The Islamist insurgency in northern Mozambique’s Cabo Delgado is becoming increasingly well coordinated and militant, escalating to levels never predicted by the Mozambican state. The resulting response by the Mozambican government has been insufficient, according to a panel of experts, and in some ways is making the situation worse.
The panel was speaking during a webinar held by Chatham House Africa in mid-June entitled, “Finding solutions to insecurity in Cabo Delgado”. The speakers noted that attacks in Cabo Delgado started in early October 2017. The Mozambican state initially considered these as violence against public order and by December 2017, the Mozambique Republic Police (MRP) became deeply involved.
Fast forward to March 2020 when armed violence reached levels never seen previously. Over a thousand people are thought to have died along with the destruction of an unknown number of public buildings and homes. Reports suggest that more than 100 000 people have been internally displaced by these attacks.
What the Mozambican authorities initially considered a mere act of violence transformed in a few months into a complex armed conflict that they do not have a short term or long-term solution to, at least not one that is working.
Dr Salvador Forquilha, director and senior researcher at the Institute for Social and Economic Studies in Maputo, Mozambique, said the factors causing this insurgency appear to be driven by ethnic, historical, social and political “cleavages”. Around 18% of Mozambicans identify as Muslim while 54% of Cabo Delgado citizens identify as Muslim. The insurgency seems to be growing amongst a population that is marginalised by the state, at conflict with the state and traditional Mozambican society as seen with their adoption of Islamic fundamentalism.
Forquilha said the insurgency is leading opposition to the state order, accelerating social discontent and radicalising social-political divides. “This has allowed the insurgency to find support from more marginalised sectors, particularly young people who in some cases saw what little they have and went to join the group.” In doing so, the insurgency has been able set up logistical and information gathering support through young people divided into small groups inserted into communities. Forquilha said these youths are informing the insurgency on security and defence force movements in the area, providing greater mobility to the insurgents.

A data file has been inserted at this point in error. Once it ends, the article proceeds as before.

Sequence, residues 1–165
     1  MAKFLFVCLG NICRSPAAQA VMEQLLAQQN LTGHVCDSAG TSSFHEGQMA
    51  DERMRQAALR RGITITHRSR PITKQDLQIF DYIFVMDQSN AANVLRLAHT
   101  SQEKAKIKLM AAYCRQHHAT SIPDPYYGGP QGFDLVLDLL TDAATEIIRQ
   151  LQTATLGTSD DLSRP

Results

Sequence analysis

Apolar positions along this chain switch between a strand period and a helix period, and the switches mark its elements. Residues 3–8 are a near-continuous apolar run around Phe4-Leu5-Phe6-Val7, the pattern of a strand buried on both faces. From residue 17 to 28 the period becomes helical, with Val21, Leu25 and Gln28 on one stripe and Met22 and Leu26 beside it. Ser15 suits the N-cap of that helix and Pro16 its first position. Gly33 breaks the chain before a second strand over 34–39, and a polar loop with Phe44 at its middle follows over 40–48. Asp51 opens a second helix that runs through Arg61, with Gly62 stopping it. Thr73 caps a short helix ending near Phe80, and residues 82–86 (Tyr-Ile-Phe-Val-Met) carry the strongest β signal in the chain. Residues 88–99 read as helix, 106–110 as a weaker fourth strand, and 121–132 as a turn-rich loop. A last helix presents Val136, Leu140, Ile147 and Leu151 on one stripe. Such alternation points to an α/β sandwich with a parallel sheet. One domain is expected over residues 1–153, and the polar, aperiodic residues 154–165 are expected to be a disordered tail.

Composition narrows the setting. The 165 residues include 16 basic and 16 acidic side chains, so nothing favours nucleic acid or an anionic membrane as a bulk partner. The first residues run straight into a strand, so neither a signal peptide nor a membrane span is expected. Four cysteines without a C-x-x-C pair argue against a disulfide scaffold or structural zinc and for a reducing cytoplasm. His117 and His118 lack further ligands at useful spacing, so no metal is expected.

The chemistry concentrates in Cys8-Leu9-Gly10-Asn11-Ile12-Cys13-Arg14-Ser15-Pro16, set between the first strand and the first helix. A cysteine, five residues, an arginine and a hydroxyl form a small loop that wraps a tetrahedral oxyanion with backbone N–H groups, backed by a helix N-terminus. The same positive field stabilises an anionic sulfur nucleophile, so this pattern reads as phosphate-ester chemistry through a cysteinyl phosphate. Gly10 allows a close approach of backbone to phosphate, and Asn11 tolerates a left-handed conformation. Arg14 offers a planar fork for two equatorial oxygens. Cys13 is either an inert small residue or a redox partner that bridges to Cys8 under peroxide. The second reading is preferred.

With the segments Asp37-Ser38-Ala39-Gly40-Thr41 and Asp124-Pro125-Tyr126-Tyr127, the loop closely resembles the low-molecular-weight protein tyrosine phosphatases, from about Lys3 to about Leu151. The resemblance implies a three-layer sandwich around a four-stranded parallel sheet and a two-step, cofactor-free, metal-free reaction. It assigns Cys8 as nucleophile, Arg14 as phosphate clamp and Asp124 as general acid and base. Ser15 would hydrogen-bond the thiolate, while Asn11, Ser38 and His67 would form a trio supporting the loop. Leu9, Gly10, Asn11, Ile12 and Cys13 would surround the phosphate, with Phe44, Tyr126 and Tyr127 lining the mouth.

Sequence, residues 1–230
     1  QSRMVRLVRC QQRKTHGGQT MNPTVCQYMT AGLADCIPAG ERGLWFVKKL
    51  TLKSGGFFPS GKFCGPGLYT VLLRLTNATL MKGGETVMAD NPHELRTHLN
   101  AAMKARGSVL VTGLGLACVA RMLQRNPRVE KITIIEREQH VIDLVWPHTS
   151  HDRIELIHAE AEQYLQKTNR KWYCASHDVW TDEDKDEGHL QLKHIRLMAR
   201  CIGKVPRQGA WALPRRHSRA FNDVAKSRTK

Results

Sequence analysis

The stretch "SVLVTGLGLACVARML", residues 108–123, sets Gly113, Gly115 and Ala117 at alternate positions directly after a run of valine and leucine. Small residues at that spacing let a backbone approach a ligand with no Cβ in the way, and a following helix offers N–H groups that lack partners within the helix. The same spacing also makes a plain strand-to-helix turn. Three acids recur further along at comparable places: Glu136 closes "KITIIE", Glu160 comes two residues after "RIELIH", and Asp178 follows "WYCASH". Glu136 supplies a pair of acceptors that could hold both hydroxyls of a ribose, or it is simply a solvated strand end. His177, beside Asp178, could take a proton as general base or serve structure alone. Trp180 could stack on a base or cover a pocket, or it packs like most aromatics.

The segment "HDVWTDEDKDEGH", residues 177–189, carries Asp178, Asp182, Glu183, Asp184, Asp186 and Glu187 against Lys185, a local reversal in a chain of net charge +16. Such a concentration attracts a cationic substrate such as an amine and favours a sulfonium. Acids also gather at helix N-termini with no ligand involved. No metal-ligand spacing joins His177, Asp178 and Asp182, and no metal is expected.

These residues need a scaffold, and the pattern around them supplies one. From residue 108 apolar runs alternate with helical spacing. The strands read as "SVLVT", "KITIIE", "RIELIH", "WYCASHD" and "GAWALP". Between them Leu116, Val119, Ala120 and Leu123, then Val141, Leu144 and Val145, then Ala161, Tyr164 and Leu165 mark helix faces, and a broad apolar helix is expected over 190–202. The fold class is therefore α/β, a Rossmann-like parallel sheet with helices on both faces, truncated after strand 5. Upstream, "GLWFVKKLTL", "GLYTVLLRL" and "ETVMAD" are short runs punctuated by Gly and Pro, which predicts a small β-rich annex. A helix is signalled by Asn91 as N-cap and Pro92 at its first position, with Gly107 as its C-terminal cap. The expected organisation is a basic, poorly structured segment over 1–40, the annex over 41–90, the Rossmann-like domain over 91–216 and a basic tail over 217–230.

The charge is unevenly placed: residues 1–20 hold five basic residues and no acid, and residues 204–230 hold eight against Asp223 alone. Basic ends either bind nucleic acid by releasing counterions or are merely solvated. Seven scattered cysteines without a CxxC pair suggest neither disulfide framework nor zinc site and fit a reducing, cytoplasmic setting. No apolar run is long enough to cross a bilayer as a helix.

The Mozambican state underestimated the scale of the threat that the ‘Cabo Delgado phenomenon’ represented, Forquilha said. “The state prioritised the threat as a foreign conspiracy to the detriment of the domestic factors which are feeding the insurgency.” While it is true that the Islamic State has claimed responsibility for attacks, showing outside factors involved with the conflict, Forquilha said the insurgency has been shaped by internal factors. “It should be a mistake to think that Al-Shabaab, as the group is known in northern Cabo Delgado, are a creation of Islamic State.” Al-Shabaab’s creation came from a combination of social, historical, ethnic and political divides enflamed by a state that marginalises them.
Forquilha said the armed conflict in Cado Delgado requires a comprehensive strategy and response from the Mozambican state, which should see it as an internal threat. He added that it should be a top priority for the Mozambican government to deal with the insurgents.
Dr Liazzat Bonate, lecturer in African History at the University of the West Indies, Trinidad and Tobago, told the webinar that the insurgents are becoming more militant and are improving their recruitment and coordination skills. Security forces are not being held accountable for human rights violations, resulting in harassment of the local population and judicial killings.
Bonate said there have been several studies conducted but there is still very little known about who the attackers are, their objectives and who is providing them with international support. “The major problem is the lack of serious research and solid empirical data which have been hindered by governments restrictions on journalists and researchers. Some of the research and media reports are engaged in othering and ‘foreigning’ of the insurgents as well as criminalising them, not only because of their terrorist actions…but also by linking them to criminal networks…The insurgency happened in stages and there are clear and well-established grievances that justified the insurgency.”